Caribbean countries, including the British Virgin Island and with the exception of France, is known to have the highest score in Power Distance. It is reported that African cultures generally maintain hierarchical role relationship Students, 1996). This may explain why the local staffs are reluctant to get promotion or even a little ahead of each other, because once they are promoted they will be separated from their friends. According to Hefted, “Hierarchy in an organization is seen as reflecting inherent inequalities, centralization is popular, subordinates expect to be told what to do and the ideal boss in a benevolent autocrat. The herd-like behavior of the staff can be explained by the low score of Individualism in Caribbean countries, the British Virgin Islanders are considered a electrostatics society. According to Hefted, loyalty in a collectivist culture is paramount. From these 2 dimensions, it can be seen that having very short-term expatriate managers can ruin the group dynamic of the divisions. Like most Caribbean countries, British Virgin Islands is considered a relatively feminine society.
Hefted stated that, “managers strive for consensus, people value equality, solidarity and negotiation, in addition to that, Hefted stated that incentives such as free time and flexibility are favored. This gave us an idea of why the staff was not motivated by he tips from the customers. It might as well be impossible to raise staff work enthusiasm by telling them to compete for tips. This marks a need for change in the methods of increasing staff work efficiency. In general, Caribbean countries tend to avoid uncertainties, meaning they are intolerant of unorthodox behavior and ideas. Hefted stated, “Here… People have an inner urge to be busy and work hard, precision and punctuality are the norm, innovation may be resisted… ” From this, we can see that the local staff is trainable to meet the resorts standard, their change in behavior may be caused by the expansion of the resort, local staffs might see it as change/innovation that may threaten their security. As most expatriate managers came from United States, it represents a whole different culture. The US is known to be highly individualistic and uncertainty accepting, that alone can cause a culture clash, not Just in management but in personal relationship.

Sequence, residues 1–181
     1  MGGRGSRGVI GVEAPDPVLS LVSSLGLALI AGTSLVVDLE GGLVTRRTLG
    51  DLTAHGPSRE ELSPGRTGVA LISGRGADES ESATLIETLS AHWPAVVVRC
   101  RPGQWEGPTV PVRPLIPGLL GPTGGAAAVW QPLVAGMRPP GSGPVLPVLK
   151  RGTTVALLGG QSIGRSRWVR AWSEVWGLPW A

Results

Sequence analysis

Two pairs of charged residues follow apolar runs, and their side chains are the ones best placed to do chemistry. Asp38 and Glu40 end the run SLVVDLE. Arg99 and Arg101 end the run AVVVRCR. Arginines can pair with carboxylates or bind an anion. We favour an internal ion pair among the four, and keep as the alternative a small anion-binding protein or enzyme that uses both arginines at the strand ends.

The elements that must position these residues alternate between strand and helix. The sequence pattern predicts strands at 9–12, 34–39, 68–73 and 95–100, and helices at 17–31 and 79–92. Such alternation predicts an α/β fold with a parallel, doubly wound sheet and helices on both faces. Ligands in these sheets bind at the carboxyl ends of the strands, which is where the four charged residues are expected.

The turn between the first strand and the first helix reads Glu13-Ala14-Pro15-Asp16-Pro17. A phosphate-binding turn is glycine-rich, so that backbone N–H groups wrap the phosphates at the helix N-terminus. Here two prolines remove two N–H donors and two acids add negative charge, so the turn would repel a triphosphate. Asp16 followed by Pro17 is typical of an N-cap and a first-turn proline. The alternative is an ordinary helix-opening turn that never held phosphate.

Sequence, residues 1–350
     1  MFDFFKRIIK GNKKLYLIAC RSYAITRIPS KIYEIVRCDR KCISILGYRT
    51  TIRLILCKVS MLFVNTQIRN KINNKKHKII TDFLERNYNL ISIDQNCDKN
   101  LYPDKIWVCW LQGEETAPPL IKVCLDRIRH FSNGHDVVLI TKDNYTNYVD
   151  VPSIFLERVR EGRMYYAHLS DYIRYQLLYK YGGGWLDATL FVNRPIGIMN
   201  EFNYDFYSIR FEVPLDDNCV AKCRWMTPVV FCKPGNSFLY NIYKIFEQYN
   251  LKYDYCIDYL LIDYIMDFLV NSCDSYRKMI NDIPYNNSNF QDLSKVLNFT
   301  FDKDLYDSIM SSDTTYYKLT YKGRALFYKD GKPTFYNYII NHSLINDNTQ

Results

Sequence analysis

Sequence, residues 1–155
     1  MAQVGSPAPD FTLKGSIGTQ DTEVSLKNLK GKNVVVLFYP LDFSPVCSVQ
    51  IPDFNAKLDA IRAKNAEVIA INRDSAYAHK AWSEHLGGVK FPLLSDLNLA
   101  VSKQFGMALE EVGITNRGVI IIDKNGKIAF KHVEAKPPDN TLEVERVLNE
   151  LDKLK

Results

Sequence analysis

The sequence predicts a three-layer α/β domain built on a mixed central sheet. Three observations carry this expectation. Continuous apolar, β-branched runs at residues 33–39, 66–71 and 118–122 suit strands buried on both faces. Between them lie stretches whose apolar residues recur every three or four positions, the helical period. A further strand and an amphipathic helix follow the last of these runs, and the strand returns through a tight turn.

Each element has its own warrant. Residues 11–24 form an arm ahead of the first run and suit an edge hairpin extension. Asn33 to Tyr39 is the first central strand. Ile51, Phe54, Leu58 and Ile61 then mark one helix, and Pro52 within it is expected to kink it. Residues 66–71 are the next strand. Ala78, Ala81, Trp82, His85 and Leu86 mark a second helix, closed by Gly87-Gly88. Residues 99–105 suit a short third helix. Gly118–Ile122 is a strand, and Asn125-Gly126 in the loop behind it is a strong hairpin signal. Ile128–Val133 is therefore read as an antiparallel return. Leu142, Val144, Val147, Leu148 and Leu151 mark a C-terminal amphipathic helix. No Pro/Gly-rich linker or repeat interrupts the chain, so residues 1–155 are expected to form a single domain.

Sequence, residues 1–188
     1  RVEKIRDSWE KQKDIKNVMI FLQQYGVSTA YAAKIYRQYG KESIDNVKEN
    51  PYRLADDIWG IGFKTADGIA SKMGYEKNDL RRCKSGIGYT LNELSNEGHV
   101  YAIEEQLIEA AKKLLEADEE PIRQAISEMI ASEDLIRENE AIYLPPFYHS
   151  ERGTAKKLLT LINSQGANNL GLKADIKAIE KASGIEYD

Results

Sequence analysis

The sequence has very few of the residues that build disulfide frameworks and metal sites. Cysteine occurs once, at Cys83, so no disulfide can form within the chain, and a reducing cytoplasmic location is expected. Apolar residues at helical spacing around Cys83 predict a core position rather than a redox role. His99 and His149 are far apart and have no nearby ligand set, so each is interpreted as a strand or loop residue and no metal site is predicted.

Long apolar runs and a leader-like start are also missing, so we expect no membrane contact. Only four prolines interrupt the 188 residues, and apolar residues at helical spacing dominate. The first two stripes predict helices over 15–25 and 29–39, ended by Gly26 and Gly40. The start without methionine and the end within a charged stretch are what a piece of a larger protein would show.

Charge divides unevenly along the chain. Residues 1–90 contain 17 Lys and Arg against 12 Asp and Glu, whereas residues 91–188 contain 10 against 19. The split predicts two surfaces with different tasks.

This marks, another need of change, expatriate managers must be more well endowed in the British Virgin Islanders culture. Solutions Short term Since we have discovered that the local staff actually has determination and illnesses to work hard, on the short term we propose to hold a meeting explaining to all our expatriate staff that local staff may be illiterate and to instruct our managers to always show the Job they want to be done at least once, so that the local staff may do it correctly.